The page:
Film and TV media freelancers are hit hard by the various measures to stem the spread of Covid-19, said an association representing them.
An ongoing survey by the Singapore Association of Motion Picture Professionals (SAMPP) found that, as of Wednesday, more than 60 per cent of these freelancers worked five days at most last month.
Also, 60 per cent of the 360 or so respondents are still owed fees for work done before March.
SAMPP said many of them will be unable to work during the four-week circuit breaker period that began on Tuesday and ends on May 4.
SAMPP president Jasmine Ng, who is herself a freelance executive producer and director, said: "In February, many of the television commercial and corporate video shoots were already getting cancelled. But at least there was still IMDA-supported public service broadcast work like previously commissioned dramas.
"Then in March, there were restrictions on the number of people who could gather, and people had to scramble to reconfigure work as most dramas have more than 10 people when cast and crew are included.
"Now in April, no one is permitted to work, apart from government-commissioned critical content work, and the few lucky enough to have projects planned for April have now had to scrap those shoots too."
The survey also shows more than 70 per cent of respondents had no work lined up for this month.
About one-quarter of the respondents said they are seeking alternatives that can be done from home, such as pre-and post-production work.
More than 70 per cent also said they had no work lined up for next month, when the restriction on non-essential services is expected to be lifted.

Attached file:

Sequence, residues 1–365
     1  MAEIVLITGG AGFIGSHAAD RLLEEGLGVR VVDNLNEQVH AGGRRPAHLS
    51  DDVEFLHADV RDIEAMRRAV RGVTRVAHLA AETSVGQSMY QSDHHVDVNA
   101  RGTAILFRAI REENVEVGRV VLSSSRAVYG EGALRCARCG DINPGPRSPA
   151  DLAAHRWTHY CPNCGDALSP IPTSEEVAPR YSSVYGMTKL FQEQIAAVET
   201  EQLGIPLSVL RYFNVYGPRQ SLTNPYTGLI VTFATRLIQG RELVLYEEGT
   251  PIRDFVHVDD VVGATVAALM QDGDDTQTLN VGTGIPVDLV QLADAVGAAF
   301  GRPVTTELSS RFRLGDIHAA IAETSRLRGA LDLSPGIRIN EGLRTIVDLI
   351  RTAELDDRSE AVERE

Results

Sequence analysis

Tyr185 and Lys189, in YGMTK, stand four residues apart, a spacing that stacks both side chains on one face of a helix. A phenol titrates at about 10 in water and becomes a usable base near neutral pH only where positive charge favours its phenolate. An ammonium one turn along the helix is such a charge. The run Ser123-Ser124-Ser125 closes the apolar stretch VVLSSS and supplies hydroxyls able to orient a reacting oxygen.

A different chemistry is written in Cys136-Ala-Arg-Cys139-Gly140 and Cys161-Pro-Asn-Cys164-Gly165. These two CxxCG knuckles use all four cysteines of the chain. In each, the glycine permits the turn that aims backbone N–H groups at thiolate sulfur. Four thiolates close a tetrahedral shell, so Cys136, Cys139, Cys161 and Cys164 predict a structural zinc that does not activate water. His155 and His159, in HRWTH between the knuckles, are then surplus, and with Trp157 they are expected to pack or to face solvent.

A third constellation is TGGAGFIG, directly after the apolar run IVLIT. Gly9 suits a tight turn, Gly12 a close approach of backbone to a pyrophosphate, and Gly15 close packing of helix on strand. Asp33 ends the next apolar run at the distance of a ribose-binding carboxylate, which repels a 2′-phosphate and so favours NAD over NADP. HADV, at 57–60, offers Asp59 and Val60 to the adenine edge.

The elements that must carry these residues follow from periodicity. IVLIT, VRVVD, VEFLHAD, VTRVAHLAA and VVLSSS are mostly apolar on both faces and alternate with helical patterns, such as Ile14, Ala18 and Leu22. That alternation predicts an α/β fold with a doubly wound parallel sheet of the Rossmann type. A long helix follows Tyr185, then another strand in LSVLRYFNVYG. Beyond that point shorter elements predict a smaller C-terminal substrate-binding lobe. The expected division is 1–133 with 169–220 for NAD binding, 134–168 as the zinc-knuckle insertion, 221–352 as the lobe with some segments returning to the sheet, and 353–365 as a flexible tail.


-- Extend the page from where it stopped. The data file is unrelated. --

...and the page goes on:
The association said that while the restriction on non-essential services during the circuit breaker period is necessary for public health and safety, the impact on media practitioners will be the most severe yet.
To soften the blow, the association is launching today a Covid-19 relief fund of $40,000. Half of it will be contributed by the Infocomm Media Development Authority (IMDA), and the rest by the association.
The fund will offer grants of between $300 and $500 to its hardest-hit members who have lost their jobs and income as a result of the pandemic.
Applicants have to be members, and SAMPP has waived its membership fees for the current year in view of the coronavirus pandemic.
An external panel will decide who will get the grants based on individual needs.
Mr Howie Lau, chief of industry development at IMDA, applauded the initiative, saying: "We are heartened by the camaraderie of our media sector and the display of the bond among our practitioners."
He added: "While we continue to recognise the ongoing challenges our media industry is experiencing during this challenging period, we will work hard to listen for feedback while refining our schemes to support both companies and individuals.
"We will continue to enhance our support through various prongs in providing job continuity - we can overcome this together if we stay united."